Kashmir Report

In Jammu and Kashmir, at least one person has died in the conflict for every day of 2018

A year that started with a fidayeen attack has left a trail of blood.

It has been called Kashmir’s “bloody Sunday”. Joint operations and civilian protests in South Kashmir on April 1 claimed 20 lives: four civilians, three Army personnel and 13 militants. Two days later, a young man injured by security forces during clashes in Central Kashmir succumbed to his injuries.

In the week that followed April 1, suspected militants killed two civilians in Hajin, in North Kashmir’s Bandipora district. Up in the hills, guns boomed at the Line of Control. One more militant was killed in a gunfight in South Kashmir.

A year that started with a fidayeen attack – a term used to describe suicidal strikes by militants with the intention of a prolonged stand-off – has left a trail of blood. The number of militants killed in the hinterland, or the area inside the Line of Control and the International Border, till April 1 has exceeded the figure for the same period last year – 51 in 2018, up from 33 in 2017. At least 32 security forces personnel and 25 civilians have been killed in the hinterland till date. According to the South Asian Terrorism Portal, 29 people, including civilians and security personnel, have been killed in ceasefire violations at the frontier, as of April 1.

The number of casualties in Jammu and Kashmir in 2018 is 138, which means that, on average, at least one person has died every day. That is excluding the number of cross-border infiltrators shot down at the Line of Control and security personnel killed in border skirmishes.

Broadly, four forms of violence claimed lives in Jammu and Kashmir: gunfights between security forces and militants, and the protests surrounding them; militant attacks on security instalments; abductions that ended in death; and cross-border conflagrations.

Deadly gunfights

Gunfights not only claim the lives of security forces and militants engaged in battle but also of civilians who, increasingly in recent years, get close to these sites to pelt stones in an attempt to disrupt operations.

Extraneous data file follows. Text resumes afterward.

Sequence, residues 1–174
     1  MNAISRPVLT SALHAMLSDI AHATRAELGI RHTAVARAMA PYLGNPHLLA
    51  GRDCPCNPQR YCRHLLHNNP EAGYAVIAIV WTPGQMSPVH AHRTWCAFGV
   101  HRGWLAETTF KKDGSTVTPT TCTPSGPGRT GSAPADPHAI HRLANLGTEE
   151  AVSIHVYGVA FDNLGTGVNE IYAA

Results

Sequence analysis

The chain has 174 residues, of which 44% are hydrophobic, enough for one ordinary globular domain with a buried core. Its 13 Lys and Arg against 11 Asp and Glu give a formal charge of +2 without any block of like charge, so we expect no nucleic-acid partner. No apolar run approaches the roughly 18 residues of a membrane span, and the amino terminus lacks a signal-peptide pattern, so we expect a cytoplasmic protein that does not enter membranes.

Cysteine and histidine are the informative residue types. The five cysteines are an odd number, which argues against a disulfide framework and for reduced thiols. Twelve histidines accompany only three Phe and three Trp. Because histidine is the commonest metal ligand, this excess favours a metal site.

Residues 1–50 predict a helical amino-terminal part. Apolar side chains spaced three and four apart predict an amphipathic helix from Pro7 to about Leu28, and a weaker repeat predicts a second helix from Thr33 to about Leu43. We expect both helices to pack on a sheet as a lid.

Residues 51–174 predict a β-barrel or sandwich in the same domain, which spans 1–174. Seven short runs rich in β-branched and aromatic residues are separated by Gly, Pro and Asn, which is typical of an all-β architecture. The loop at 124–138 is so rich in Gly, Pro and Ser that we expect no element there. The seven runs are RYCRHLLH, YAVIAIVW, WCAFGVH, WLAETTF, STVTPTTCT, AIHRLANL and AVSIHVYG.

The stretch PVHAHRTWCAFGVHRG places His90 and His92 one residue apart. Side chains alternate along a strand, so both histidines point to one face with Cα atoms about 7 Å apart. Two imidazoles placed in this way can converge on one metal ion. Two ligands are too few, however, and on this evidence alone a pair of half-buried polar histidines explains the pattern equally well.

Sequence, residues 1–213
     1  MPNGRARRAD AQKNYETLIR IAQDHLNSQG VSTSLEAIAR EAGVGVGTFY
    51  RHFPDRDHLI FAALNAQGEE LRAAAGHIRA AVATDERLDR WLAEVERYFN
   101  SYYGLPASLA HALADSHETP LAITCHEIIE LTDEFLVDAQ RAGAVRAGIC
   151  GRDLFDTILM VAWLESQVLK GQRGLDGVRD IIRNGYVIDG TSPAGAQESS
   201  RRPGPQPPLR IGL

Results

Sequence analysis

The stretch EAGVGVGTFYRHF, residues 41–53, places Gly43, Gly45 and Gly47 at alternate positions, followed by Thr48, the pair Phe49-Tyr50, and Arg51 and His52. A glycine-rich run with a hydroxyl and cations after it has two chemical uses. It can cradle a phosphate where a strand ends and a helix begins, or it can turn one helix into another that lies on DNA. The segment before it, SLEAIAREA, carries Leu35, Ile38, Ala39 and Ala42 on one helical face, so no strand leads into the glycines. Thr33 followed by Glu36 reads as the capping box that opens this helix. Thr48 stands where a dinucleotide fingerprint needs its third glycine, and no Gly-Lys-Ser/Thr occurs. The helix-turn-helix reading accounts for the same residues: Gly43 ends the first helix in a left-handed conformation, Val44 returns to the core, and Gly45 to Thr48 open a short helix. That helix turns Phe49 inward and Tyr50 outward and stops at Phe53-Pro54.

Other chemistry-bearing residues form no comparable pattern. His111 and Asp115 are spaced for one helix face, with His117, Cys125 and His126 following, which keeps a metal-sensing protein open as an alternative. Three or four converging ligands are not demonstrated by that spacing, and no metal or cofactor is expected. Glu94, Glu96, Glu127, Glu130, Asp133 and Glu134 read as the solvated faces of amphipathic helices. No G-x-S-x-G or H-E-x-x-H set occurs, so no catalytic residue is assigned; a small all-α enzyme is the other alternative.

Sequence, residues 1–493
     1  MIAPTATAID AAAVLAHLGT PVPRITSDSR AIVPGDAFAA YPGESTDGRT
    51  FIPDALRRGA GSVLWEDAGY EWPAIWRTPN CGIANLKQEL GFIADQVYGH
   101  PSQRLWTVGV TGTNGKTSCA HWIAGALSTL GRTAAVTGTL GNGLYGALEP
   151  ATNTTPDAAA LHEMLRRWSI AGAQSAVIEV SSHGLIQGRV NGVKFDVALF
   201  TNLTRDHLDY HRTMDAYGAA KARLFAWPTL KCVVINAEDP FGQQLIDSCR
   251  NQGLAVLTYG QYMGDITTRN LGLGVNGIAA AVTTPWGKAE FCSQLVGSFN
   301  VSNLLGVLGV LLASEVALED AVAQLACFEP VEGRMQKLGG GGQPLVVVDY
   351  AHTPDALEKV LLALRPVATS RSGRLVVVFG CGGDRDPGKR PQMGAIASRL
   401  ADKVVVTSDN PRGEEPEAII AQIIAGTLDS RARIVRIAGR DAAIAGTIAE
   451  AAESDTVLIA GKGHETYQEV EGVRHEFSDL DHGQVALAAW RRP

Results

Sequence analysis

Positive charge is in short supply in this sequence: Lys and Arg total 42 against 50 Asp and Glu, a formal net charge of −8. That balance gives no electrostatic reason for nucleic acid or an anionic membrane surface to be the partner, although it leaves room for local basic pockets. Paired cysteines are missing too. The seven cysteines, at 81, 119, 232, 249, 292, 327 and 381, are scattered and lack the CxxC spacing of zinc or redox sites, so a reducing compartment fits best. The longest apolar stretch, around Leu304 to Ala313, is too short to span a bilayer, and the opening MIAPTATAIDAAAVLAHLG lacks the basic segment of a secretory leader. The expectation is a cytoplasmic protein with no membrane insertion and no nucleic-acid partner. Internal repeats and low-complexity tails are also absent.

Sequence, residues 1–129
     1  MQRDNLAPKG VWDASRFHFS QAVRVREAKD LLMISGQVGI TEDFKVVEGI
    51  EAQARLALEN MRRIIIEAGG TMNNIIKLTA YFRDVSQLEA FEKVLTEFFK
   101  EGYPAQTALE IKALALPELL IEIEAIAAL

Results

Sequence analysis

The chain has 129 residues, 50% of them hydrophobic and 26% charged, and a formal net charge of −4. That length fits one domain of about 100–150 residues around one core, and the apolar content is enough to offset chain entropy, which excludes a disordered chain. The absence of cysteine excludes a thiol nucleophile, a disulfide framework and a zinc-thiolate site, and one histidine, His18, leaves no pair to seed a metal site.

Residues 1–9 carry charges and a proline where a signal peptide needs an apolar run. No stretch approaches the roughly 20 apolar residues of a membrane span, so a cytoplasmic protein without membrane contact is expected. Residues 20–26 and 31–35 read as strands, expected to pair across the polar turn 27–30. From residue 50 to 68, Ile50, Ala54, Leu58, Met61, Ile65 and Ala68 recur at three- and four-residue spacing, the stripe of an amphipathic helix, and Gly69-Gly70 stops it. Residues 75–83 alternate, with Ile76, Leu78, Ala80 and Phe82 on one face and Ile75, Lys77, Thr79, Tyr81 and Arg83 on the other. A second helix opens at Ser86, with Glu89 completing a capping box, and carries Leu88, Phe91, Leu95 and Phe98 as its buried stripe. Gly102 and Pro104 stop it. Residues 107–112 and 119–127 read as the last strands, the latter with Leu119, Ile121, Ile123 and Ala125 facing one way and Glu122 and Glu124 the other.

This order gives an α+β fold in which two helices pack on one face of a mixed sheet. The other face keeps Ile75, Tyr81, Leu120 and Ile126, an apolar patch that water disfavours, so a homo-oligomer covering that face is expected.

Before the deaths on April 1, at least four persons were killed after security forces opened fire on stone-pelting crowds. On January 27, soldiers of the Indian Army opened fire on civilians during a clash in Ganowpora, in Shopian district, fatally injuring three, including a minor. Five days later, a 10-year-old child injured by an unexploded shell in Shopian died of his wounds. On February 19, a 60-year-old man, believed to be mentally challenged, was killed as he wandered into an Air Force base in Central Kashmir. In March, four civilians were killed in reported shootouts in Shopian.

To prevent civilian casualties, the state police have reportedly devised a “new strategy”. Operations should start at night and wind up by first light, Jammu and Kashmir’s newly appointed inspector general, Swayam Prakash Pani, told Greater Kashmir. In the past, security agencies avoided conducting operations late into the night.

This data compiled from news reports does not include casualties at the Line of Control.
This data compiled from news reports does not include casualties at the Line of Control.

Militant attacks

There have been three major militant attacks so far this year, all claimed or attributed to the Pakistan-based Jaish-e-Mohammad. The year started with a fidayeen attack in South Kashmir’s Pulwama district, which left five paramilitary soldiers and three militants dead. It was the first time in years that local Kashmiris were part of the fidayeen squad.

On February 12, the Jaish struck again, this time at the Sunjuwan military station in Jammu. Six Army men and a civilian besides the three attackers were killed. In March, security forces killed the alleged mastermind of Jaish’s fidayeen attacks in South Kashmir.